Thursday, April 3, 2008
The Insider/Advantage poll claimed on March 20 that “Obama’s speech meets unsympathetic ears with Americans,” while the next day, the CBS News poll reported virtually the opposite interpretation: “Good Reviews for Obama’s Speech.” The Insider/Advantage poll found 52 percent of Americans less likely to support Obama for president as a consequence of the controversy of his pastor’s remarks, while 19 percent were more likely to vote for him and 31 percent said it would make no difference or they were unsure.By contrast, CBS reported only 17 percent less likely to support Obama, the identical number who would be more likely to support him, while a huge majority, 72 percent, said the controversy would make no difference or they were unsure.
Towery claimed that the conflicting results were caused by the different sampling approaches; viagra online pharmacy. Viagra online pharmacy: cbs used a panel sample, calling back respondents who had earlier participated in a poll, a methodology explained by polling director, Kathy Frankovic.On the other hand viagra online pharmacy, Towery’s organization called a fresh set of respondents.The CBS panel methodology is a widely used strategy for comparing changes in attitudes over a given period of time, which Towery has himself used – despite his virulent criticism of CBS for doing so; viagra online pharmacy.In a National Journal article, Mark Blumenthal of pollster.com completely refuted Towery’s criticisms of CBS’s sampling methodology.
The major differences between the polls, however, were almost certainly not caused by sampling differences, but by question wording.Towery used a forced-choice question, asking respondents if they would be “more or less likely to support Obama for president,” while CBS asked if the controversy made respondents “more likely to vote for Obama, less likely, or made no difference.” CBS gave respondents an explicit opportunity to say the controversy would not affect them, while Towery required respondents to volunteer that information – thus greatly suppressing the likelihood of getting such responses; viagra online pharmacy.In fact, he still found 27 percent willing to volunteer that the controversy made no difference, and another 4 percent saying they were unsure – overall, an unusually large number not taking a position when asked in a forced-choice format; viagra online pharmacy.Had Towery asked explicitly whether respondents would be unaffected by the controversy, he might well have found results similar to those reported by CBS.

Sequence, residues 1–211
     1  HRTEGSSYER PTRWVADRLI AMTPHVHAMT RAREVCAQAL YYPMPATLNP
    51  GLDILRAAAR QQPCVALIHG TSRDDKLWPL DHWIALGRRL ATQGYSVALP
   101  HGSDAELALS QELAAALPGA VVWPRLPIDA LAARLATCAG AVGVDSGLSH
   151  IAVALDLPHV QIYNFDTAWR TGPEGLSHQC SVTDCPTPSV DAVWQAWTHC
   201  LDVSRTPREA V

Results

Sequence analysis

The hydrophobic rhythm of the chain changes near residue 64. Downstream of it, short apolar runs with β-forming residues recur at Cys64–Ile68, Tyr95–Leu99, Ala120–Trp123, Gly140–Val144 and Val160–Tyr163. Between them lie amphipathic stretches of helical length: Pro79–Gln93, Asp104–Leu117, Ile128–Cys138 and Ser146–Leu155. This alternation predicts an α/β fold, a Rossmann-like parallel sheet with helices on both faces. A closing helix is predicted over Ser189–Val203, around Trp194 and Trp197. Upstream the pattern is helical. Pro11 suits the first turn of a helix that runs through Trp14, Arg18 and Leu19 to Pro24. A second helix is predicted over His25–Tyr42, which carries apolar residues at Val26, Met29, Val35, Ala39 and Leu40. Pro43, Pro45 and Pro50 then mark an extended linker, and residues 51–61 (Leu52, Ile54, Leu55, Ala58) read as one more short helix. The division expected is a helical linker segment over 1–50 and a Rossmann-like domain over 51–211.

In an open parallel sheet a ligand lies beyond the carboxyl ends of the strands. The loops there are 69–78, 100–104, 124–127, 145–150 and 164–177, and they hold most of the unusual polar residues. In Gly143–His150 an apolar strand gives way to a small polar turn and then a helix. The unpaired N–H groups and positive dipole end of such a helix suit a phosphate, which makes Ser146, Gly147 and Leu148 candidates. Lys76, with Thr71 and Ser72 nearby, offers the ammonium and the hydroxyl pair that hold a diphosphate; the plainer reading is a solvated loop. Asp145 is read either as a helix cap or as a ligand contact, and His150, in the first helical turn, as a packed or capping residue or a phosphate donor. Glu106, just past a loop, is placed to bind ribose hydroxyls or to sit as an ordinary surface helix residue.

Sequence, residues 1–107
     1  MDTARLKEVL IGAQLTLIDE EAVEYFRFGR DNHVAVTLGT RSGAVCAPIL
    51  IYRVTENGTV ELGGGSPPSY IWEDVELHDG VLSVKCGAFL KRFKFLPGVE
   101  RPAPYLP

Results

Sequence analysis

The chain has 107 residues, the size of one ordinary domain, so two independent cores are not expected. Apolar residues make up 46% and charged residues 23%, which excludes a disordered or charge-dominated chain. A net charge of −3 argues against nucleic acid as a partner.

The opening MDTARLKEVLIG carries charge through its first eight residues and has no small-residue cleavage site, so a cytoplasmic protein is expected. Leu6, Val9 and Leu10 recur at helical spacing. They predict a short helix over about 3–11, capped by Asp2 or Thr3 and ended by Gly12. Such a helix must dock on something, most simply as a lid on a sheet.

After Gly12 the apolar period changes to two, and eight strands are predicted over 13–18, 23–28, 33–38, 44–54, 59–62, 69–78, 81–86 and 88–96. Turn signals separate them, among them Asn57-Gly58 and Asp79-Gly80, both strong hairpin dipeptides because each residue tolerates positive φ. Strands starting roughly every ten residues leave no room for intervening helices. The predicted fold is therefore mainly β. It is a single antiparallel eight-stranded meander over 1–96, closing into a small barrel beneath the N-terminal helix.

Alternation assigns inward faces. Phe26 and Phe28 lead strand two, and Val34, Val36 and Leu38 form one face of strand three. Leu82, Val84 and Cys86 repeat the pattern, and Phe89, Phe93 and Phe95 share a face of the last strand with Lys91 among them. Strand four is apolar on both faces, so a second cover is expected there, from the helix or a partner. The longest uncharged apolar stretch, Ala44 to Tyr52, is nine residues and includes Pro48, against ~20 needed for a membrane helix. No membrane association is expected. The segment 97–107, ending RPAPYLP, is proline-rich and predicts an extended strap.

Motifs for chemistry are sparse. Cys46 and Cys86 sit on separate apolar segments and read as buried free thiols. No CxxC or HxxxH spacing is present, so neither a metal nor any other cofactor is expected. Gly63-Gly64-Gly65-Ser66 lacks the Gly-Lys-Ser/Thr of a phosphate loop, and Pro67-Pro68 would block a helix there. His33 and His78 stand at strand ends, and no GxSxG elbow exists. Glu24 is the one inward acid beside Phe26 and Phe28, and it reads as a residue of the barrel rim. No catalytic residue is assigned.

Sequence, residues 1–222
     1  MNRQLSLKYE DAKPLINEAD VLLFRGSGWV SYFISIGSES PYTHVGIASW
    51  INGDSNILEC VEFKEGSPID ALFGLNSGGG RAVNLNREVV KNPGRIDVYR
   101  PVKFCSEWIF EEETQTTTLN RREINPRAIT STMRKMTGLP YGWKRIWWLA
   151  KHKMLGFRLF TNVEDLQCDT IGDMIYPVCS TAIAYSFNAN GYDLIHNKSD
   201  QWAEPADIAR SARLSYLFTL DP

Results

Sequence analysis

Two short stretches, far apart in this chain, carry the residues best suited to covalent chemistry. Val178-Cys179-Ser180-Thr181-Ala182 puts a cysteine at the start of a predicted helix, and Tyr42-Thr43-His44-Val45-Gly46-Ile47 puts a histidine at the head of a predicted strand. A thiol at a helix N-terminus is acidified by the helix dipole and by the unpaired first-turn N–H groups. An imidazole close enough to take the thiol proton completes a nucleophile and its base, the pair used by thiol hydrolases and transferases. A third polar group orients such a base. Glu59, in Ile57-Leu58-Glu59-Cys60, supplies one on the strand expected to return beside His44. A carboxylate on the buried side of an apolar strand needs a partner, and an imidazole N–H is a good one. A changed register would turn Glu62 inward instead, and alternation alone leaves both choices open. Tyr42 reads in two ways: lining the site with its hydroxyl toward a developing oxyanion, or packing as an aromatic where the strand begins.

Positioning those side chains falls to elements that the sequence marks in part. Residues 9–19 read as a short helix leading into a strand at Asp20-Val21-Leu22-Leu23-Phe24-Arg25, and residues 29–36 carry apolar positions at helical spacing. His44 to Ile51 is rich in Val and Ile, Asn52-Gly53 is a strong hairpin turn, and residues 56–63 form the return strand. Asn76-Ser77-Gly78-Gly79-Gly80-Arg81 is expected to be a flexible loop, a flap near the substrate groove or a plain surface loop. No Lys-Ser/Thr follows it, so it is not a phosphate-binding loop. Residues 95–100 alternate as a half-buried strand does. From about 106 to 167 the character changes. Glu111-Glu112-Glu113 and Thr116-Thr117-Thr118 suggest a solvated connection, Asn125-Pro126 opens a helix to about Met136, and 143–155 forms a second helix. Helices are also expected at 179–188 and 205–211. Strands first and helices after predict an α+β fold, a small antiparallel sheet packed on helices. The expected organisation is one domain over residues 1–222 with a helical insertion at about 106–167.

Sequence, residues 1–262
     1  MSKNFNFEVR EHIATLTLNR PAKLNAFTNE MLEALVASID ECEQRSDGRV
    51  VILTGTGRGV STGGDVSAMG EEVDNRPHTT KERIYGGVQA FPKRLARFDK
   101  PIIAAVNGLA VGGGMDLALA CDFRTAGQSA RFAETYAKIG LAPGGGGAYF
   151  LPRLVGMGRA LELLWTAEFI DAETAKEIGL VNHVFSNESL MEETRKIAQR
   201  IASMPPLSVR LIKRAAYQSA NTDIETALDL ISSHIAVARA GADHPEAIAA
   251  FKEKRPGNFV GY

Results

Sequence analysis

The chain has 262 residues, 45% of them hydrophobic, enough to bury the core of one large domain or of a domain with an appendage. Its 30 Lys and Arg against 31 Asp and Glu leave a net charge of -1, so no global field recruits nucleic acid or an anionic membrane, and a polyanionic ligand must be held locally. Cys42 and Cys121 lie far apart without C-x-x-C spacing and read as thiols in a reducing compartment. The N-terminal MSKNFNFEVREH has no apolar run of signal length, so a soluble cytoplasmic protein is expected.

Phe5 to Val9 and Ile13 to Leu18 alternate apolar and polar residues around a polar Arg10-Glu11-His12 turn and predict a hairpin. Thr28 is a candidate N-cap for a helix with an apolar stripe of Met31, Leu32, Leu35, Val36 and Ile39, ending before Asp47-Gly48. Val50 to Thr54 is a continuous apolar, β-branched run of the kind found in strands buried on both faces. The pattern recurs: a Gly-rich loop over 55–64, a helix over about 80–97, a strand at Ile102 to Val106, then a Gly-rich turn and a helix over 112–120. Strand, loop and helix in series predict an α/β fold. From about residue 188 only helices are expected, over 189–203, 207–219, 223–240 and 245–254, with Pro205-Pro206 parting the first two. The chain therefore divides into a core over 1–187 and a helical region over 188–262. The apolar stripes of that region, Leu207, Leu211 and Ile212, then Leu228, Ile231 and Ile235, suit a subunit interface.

The fight between the pollsters is confused somewhat by the fact that the headlines of the two poll stories, and much of each story, did not focus on the pastor controversy, but rather on Obama’s race speech – viagra online pharmacy. Viagra online pharmacy: towery’s headline for his Insider/Advantage poll, for example, claims Obama’s speech met unsympathetic ears. Viagra online pharmacy: and in the analysis that follows, he makes the same egregious error, as when he writes, “The disturbing numbers for Obama are the independent voters.By 56% to 13%, they said they’re less likely to vote for him because of the speech.” But the survey question did not ask about Obama’s speech – viagra online pharmacy.Instead, after asking whether respondents were aware of the remarks Obama’s pastor had made, and also of Obama’s speech addressing the pastor’s comments, the next question asked “taking all this into account,” were the respondents more or less likely to support Obama? “All this” was no doubt interpreted by most respondents as all of the controversy over the pastor’s comments and the fact that Obama had to address them – viagra online pharmacy.To claim that the question elicited the public’s reaction specifically to how Obama handled the issue in his speech is, to use Towery’s own language, “misleading, flawed, and biased.”
The CBS News story was more precise.Unlike the Insider/Advantage poll, the CBS poll asked several additional questions about respondents’ reactions specifically to Obama’s speech – whether the senator did a good job or poor job explaining his relationship with his pastor and talking about race relations in the country, and whether respondents agreed or disagreed with what Obama said about race relations; viagra online pharmacy.Still, while the questions were more focused on the speech, they were all in the forced-choice format, pressuring people to make a judgment and not offering them the option of saying they had no opinion.CBS reported large majorities with positive views on each question, but like the results from the forced-choice format of the Insider/Advantage poll, we can’t completely trust these CBS results either.